In the case of a disputed tuition debt, who ends up with the burden of proof?

UPDATED: May 22, 2012

Advertiser Disclosure

It’s all about you. We want to help you make the right legal decisions.

We strive to help you make confident insurance and legal decisions. Finding trusted and reliable insurance quotes and legal advice should be easy. This doesn’t influence our content. Our opinions are our own.

Get Legal Help Today

Compare Quotes From Top Companies and Save

secured lock Secured with SHA-256 Encryption

In the case of a disputed tuition debt, who ends up with the burden of proof?

A local community college alleges I owe for the fall semester of lst year. I never signed up for it and haven’t attended the school in 6 years. I only received a bill last month and have talked to them to try to straighten it out since but it’s already been turned over to collections. I was finally told by the school registrar that I could appeal if I could prove I was working or out of state at the time. Shouldn’t they have to prove it since they’re alleging the debt?

Asked on May 22, 2012 under Bankruptcy Law, Tennessee


SJZ, Member, New York Bar / FreeAdvice Contributing Attorney

Answered 10 years ago | Contributor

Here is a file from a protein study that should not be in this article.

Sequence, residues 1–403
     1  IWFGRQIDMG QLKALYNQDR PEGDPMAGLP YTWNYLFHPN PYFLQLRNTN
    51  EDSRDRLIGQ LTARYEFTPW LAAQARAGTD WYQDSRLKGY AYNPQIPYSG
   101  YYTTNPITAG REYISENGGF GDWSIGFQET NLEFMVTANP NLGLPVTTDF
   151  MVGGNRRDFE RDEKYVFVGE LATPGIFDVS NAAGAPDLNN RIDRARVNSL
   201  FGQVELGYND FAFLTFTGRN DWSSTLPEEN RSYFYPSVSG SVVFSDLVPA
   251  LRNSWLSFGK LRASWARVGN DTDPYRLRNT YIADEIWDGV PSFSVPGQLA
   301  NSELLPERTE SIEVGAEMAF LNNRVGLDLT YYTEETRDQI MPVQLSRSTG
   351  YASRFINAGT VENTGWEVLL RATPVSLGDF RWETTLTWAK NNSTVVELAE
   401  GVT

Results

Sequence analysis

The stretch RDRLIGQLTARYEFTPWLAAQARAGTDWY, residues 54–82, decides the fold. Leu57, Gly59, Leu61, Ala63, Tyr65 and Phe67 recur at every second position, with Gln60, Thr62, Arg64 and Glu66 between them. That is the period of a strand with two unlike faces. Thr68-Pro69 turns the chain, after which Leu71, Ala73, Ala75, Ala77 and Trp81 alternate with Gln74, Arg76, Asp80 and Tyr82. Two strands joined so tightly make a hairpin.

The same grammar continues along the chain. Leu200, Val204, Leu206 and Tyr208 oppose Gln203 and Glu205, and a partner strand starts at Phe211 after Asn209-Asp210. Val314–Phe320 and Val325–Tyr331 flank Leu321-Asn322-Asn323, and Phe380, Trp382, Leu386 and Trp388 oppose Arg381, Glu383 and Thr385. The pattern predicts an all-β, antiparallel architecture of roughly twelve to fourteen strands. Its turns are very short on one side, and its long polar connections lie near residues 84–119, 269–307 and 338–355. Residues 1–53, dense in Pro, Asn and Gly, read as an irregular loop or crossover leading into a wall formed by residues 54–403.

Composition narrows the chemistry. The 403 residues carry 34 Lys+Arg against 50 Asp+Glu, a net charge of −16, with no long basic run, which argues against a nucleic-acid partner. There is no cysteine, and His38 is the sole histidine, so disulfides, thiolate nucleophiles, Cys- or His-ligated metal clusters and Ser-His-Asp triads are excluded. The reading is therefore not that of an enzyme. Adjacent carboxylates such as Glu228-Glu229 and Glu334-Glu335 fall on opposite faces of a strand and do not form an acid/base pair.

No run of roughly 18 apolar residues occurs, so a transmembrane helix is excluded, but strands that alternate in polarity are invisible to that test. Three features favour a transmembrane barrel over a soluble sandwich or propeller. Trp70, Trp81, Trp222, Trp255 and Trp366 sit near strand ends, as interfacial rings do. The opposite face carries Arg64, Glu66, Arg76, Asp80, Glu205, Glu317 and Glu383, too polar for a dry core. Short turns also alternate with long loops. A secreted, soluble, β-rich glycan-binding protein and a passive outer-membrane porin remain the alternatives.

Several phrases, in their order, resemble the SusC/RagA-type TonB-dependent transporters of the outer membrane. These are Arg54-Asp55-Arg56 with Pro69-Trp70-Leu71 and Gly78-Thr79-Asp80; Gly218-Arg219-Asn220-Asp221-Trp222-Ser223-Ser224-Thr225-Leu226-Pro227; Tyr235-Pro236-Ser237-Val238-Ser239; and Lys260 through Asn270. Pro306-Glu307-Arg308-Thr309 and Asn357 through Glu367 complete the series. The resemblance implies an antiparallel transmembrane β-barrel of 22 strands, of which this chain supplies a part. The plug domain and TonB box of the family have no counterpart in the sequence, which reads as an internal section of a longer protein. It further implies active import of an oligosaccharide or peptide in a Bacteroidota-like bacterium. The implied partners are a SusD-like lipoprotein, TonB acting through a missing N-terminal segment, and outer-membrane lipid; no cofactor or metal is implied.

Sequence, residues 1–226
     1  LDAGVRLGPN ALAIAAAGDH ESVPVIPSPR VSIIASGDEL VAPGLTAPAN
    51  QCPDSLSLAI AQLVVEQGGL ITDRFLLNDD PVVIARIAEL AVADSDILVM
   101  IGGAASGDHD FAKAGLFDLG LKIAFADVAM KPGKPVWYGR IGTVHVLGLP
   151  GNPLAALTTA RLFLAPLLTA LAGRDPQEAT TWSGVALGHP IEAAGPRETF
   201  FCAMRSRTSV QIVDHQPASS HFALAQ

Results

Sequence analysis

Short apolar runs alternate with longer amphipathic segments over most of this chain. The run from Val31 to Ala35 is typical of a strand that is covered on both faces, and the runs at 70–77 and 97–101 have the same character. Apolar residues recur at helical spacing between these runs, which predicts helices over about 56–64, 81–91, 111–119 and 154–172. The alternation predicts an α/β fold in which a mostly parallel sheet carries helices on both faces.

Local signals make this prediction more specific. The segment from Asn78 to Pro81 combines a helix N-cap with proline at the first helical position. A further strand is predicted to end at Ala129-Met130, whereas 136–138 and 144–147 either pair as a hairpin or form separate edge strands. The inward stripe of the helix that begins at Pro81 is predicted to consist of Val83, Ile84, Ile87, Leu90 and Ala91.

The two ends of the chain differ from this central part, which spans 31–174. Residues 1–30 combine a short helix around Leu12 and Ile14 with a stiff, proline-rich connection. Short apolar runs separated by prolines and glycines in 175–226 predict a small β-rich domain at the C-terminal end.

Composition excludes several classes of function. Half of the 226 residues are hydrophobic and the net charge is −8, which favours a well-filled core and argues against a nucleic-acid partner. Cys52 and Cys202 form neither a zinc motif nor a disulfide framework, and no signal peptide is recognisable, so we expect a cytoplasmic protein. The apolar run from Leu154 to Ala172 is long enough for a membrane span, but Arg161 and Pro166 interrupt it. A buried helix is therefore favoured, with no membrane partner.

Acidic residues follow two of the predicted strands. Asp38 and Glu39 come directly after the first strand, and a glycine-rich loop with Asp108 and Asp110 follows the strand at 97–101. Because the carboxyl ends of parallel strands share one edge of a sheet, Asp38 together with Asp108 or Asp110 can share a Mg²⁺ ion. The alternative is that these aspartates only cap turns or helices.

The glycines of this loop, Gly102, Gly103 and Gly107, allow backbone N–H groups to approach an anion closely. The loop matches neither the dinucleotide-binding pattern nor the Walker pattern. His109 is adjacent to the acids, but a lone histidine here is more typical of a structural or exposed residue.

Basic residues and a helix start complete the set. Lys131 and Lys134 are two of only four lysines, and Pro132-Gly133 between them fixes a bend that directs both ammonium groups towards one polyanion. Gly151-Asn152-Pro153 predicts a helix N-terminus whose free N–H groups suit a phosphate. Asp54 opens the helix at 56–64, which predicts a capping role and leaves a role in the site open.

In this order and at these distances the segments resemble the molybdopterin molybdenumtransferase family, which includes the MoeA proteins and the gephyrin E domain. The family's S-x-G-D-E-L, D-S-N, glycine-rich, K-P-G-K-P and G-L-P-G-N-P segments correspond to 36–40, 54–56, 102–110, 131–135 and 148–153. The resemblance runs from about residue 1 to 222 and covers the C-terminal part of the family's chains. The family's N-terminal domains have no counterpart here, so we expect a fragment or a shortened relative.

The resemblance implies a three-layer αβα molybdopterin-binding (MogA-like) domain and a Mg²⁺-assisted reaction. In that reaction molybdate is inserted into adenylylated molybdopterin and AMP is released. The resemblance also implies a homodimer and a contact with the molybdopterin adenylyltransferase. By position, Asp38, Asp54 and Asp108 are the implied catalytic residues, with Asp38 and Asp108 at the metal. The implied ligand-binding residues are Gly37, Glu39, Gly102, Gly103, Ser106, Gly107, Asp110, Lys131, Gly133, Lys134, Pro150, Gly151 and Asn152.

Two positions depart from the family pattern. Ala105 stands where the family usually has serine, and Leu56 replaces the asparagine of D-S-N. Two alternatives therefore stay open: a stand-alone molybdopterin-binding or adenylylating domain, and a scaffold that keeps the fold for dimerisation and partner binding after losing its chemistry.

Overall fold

"Collections" is not a judicial determination that you owe the money--it is either their internal collections department or third party debt collector. Even if it has been turned over to collections, you do not have to pay unless and until they sue you and obtain a  judgment against you in court. If they sue you, the burden of proof will be on them, since the burden of proof is essentially always on the person or entity bringing the lawsuit (the plaintiff).

That said, to avoid later litigation and other difficulties (as well as possibly having a bad debt reported to credit rating agencies), if you have evidence that you were working, were out of state, etc. you may as well provide it and try to head this off before it escalates.

IMPORTANT NOTICE: The Answer(s) provided above are for general information only. The attorney providing the answer was not serving as the attorney for the person submitting the question or in any attorney-client relationship with such person. Laws may vary from state to state, and sometimes change. Tiny variations in the facts, or a fact not set forth in a question, often can change a legal outcome or an attorney's conclusion. Although has verified the attorney was admitted to practice law in at least one jurisdiction, he or she may not be authorized to practice law in the jurisdiction referred to in the question, nor is he or she necessarily experienced in the area of the law involved. Unlike the information in the Answer(s) above, upon which you should NOT rely, for personal advice you can rely upon we suggest you retain an attorney to represent you.

Get Legal Help Today

Find the right lawyer for your legal issue.

secured lock Secured with SHA-256 Encryption